This allows the opportunity for them to hone their skills and abilities at a constant rate while offering numerous benefits to the company. These benefits manifest themselves in employee loyalty, low turnover costs and fulfilment of company goals. Figure 6: JIT Model * Some Key Elements of JIT: 1. Stabilize and level the MPS with uniform plant loading (heijunka in Japanese): create a uniform load on all work centers through constant daily production and mixed model assembly (produce roughly the same mix of products each day, using a repeating sequence if several products are produced on the same line).
Meet demand fluctuations through enditem inventory rather than through fluctuations in production level. Use of a stable production schedule also permits the use of backflushing to manage inventory: an end item’s bill of materials is periodically exploded to calculate the usage quantities of the various components that were used to make the item, eliminating the need to collect detailed usage information on the shop floor.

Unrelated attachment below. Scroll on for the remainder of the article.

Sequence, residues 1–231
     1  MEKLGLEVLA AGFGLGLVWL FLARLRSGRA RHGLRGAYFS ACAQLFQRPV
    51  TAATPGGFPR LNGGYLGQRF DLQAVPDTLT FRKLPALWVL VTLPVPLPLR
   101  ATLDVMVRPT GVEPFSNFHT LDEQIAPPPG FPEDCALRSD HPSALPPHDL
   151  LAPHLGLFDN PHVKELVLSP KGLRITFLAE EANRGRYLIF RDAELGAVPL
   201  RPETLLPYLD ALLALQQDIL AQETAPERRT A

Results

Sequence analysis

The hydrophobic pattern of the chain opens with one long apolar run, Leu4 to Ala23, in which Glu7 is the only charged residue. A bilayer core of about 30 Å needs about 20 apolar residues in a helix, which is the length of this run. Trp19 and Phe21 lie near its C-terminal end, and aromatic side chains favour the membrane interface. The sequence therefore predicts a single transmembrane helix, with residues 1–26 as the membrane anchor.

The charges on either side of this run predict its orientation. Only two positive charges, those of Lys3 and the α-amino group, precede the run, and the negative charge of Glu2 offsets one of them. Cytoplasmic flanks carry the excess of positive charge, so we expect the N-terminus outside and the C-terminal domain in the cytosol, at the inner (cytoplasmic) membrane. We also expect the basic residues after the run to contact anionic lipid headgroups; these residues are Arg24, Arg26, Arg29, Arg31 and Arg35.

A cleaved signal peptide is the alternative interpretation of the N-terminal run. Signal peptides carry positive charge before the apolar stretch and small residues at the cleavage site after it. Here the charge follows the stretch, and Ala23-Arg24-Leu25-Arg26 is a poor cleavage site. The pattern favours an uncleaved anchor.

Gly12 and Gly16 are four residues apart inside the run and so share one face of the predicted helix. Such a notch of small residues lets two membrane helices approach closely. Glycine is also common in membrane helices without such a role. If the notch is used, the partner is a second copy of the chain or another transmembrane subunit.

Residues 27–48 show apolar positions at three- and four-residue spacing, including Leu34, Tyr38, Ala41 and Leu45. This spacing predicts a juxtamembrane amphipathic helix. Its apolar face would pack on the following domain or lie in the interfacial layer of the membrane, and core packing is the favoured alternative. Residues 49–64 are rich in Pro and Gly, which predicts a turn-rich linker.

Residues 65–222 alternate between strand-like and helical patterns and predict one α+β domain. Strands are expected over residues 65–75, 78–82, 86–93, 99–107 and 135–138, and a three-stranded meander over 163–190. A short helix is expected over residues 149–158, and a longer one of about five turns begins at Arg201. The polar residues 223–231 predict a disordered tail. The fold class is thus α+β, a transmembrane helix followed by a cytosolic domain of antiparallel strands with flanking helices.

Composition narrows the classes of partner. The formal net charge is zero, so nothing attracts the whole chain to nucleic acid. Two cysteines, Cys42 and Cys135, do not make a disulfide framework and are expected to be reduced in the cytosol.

Reduce or eliminate setup times: aim for single digit setup times (less than 10 minutes) or “onetouch” setup this can be done through better planning, process redesign, and product redesign. 3. Reduce lot sizes (manufacturing and purchase): reducing setup times allows economical production of smaller lots; close cooperation with suppliers is necessary to achieve reductions in order lot sizes for purchased items, since this will require more frequent deliveries. 4.
Reduce lead times (production and delivery): production lead times can be reduced by moving work stations closer together, applying group technology and cellular manufacturing concepts, reducing queue length (reducing the number of jobs waiting to be processed at a given machine), and improving the coordination and cooperation between successive processes; delivery lead times can be reduced through close cooperation with suppliers, possibly by inducing suppliers to locate closer to the factory.